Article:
An Israeli soldier rests near a tank on
the Israel Gaza border, Nov. 5, 2008. Six Palestinians were killed in a
clash between Palestian militants and Israeli soldiers on Wednesday
morning in central Gaza Strip. (Xinhua Photo)
by Saud Abu Ramadan
GAZA, Nov. 5 (Xinhua) -- A new wave of violence in
the Gaza Strip on Wednesday may be out of Israel's intention to undermine an
upcoming Egypt-sponsored Palestinian dialogue aimed to patch up rifts among
Palestinian fractions, politicians and analysts said.
Israeli air strikes on central Gaza Strip earlier
Wednesday morning killed six Islamic Hamas militants, which Hamas responded by
renewing dozes of home-made rockets and mortar shells into southern Israeli
territories and Israeli army posts near Gaza.
An Israeli tank runs on the Israel-Gaza
border, Nov. 5, 2008. (Xinhua Photo)
Israeli security establishment immediately ordered a
full closure of all goods crossings between Israel and Gaza. Palestinian attacks
began to lessen around noon and completely stopped on Wednesday afternoon.
It is the first armed confrontation since an
Egyptian-brokered six-month ceasefire was declared effective in Gaza on June 19
between Israel and Palestinian militant groups led by Hamas.
¡¡¡¡HEAVY BLOW TO CEASEFIRE
The fresh violence between Gaza militants and Israel
deals a heavy blow to the fragile four and a half-month-old ceasefire in Gaza,
which was aimed at easing of Israeli sieges on Gaza in exchange for end of
The two sides have largely observed the truce despite
Hamas' criticism that Israel did not commit itself to the unwritten agreement by
not allowing sufficient flow of cargo into Gaza.
The Jewish state has periodically closed the cargo
crossings in response to sporadic Palestinian rocket fire that violated the
Talal Awkal, a Palestinian analyst, warned that this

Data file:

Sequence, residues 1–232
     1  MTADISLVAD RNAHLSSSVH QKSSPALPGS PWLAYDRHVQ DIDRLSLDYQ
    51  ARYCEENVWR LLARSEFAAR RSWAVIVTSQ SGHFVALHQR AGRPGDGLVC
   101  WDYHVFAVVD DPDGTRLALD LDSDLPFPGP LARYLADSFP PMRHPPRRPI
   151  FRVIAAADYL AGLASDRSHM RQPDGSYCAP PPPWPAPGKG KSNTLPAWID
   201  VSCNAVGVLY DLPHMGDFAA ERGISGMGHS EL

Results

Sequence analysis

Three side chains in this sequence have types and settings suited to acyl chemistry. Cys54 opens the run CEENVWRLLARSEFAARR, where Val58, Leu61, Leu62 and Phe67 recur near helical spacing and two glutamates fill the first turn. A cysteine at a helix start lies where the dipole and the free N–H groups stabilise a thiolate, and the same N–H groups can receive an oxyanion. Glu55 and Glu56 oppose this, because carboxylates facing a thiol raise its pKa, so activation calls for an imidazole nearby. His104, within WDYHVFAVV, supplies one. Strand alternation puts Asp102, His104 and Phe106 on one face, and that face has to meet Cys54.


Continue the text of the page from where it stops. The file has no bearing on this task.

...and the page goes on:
quick surge and wane of violence indicate that the ceasefire was on tightrope.
He said that Israel attacked Gaza "following the
promising statements by Hamas" that it was going to reconcile with Fatah
movement "and end the internal Palestinian rift."
Sources close to Hamas said the Islamic movement
asked ceasefire intermediary Egypt to intervene, adding that Hamas told the
Egyptians that "it was ready to restrain if the Israeli aggression stops at this
Hamas spokesman Sami Abu Zuhri said the Israeli
attack was a major violation of the truce and proved that the Jewish state was
not interested in observing the lull any more, without disclosing what Hamas
would do in response.
INTENTION TO DISABLE
Following Israel's airstrikes, Hamas spokesman in
Gaza Fawzi Barhoum accused Israel of disabling the Palestinian reconciliation
dialogue due to start in Cairo next week.
In June last year, Hamas routed Fatah-dominated
security forces of Palestinian President Mahmoud Abbas and took control of Gaza,
while Abbas consolidated his power in the West Bank.
Awkal said, "Israel is interested in the Palestinian
rift and when it feels that the ceasefire will help ending the schism, it would
end the ceasefire in advance."
Senior Palestinian peace negotiator Saeb Erekat
echoed Awkal by saying "this aggressions aims at breaking the lull which should
be observed, in order to strike Egypt's efforts to end the Palestinian crisis."
Mohammed Shawaf, a 23-year-old university student,
shared the same opinion, saying that the Israeli operation in central Gaza "was
planned in advance and its carefully-estimated time proves that it aims at
making the Palestinians busy and prevent them from heading for reconciliation."
"Why Israel remained committed to the calmness and
only violated it without any reason just now, because (Palestinian) factions
were going for dialogue," he added.
But his friend Shuaib Abu Jahal believes that Israel
would respect the ceasefire "until seeing how the things will be going in
If the factions agree on reconciliation, "Israel will get rid of the ceasefire," he said.